Finding Windows Server Versions and Editions in Active Directory

I came across this requirement at one of my customer’s environment. They have a huge network of Windows Server systems and do not have any details of their Windows Servers in Active Directory. Unfortunately, Active Directory stores very limited information with Computer accounts so it becomes necessary to logon to each computer and then find out this information. In our case we had more than 350 servers which made it even more difficult. Computers running Windows Vista and later and Windows 2008 and later will add their server edition details with their computer accounts in active directory as well but for the operating systems earlier to Windows 2003 and XP it becomes a trouble.

I prefer using Quest AD cmdlets while working with AD objects because they save a lot of time and lines of code. I have used it one more time here and here is the script that worked for us:

 

$objComputers = Get-QADComputer -SizeLimit 0 -IncludeAllProperties | Where-Object {$_.OperatingSystem -like "Windows Server *"} | Select-Object dnshostName

foreach ($objComputer in $objComputers)

{
    if (Test-Connection -ComputerName $objComputer.dNSHostName -Count 1 -ErrorAction SilentlyContinue)
    {
    $WMIResult = Get-WmiObject Win32_OperatingSystem -ComputerName $objComputer.dNSHostName -ErrorAction SilentlyContinue
    Write-Host $objComputer.dNSHostName ":" $WMIResult.Caption
    }
   
    else
    {
    Write-Host $objComputer.dnsHostname "is not reachable"
    }
}

Here is the output of the script:

image

Please note: you need Quest Active Directory Management Cmdlets installed on the computer where you run this script from.

Changing SIP address of OCS Enabled Users – What is the impact?

I was talking to one of my very good friends yesterday. He was asked to test the impact of changing SIP of the OCS enabled user accounts.

Honestly, its really tricky to answer a question when someone asks you about the predicted impact of changing SIP addresses. I was able to find something related to this here http://blog.insideocs.com/2009/12/17/impact-of-changing-a-users-sip-address/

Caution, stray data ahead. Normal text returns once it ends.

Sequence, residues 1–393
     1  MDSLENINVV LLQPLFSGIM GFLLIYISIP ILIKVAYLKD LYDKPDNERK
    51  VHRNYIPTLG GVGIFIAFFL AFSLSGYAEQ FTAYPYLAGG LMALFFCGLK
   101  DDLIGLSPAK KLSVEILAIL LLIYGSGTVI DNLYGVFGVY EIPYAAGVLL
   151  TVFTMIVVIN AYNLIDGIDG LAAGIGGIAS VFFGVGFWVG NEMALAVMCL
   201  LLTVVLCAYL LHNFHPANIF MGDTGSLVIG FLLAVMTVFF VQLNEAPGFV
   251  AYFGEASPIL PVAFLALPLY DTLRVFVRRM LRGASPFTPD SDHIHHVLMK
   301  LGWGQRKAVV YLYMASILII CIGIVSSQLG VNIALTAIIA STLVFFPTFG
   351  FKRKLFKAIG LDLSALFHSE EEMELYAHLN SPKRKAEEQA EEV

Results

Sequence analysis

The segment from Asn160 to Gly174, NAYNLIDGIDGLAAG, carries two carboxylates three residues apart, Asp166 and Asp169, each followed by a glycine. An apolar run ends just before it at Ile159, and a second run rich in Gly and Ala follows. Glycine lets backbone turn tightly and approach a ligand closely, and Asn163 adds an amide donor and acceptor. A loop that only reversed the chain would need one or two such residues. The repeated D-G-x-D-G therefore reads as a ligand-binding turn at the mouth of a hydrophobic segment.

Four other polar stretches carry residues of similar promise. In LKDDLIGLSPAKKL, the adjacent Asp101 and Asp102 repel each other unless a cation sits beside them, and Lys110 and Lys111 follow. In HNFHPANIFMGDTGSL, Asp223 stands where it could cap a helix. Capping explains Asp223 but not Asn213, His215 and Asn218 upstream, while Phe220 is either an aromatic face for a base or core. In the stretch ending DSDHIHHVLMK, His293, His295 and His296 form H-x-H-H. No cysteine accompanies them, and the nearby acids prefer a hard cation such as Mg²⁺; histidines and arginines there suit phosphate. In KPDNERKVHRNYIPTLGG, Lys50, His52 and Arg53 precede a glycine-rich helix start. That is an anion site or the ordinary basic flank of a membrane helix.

The article linked above though said that Curtis (the blog author) did not test it change of SIP address in Group Chat.

 

I thought I could check some possibilities in my lab. The results from my lab are something like this.

  • Internal users to your SIP pool or for that matter entire organization will not be affected due to change in their SIP address.
  • The only adverse effect of changing SIP address is the dependant applications in the organization. If you have any application that uses the SIP address for sending IMs to the recipients then these applications would fail. I have a SCOM server in my environment which had a IM channel configured. The SCOM stopped sending emails after I changed SIP address of the user account which was a recipient for SCOM alerts on IM.
  • If you are federated with other organizations and you are also added as a contact in contact list of federated users then your presence to your contacts will not work.
  • Group chat will have no negative effects of changing the SIP address. (I didn’t observe any).
  • Outlook integration of MOC breaks if the SIP address is different than the primary SMTP address of the user mailbox on Exchange server.

As mentioned in the linked blog as well, OCS would generate a UID for each enabled user and it will be stored in the configuration database. Communicator uses this UID for conversation with other OCS enabled users. This is the key point here which keeps the functionality working even after there is a change in SIP addresses.

I would appreciate your comments on this post as there may be several things that I was not able to test.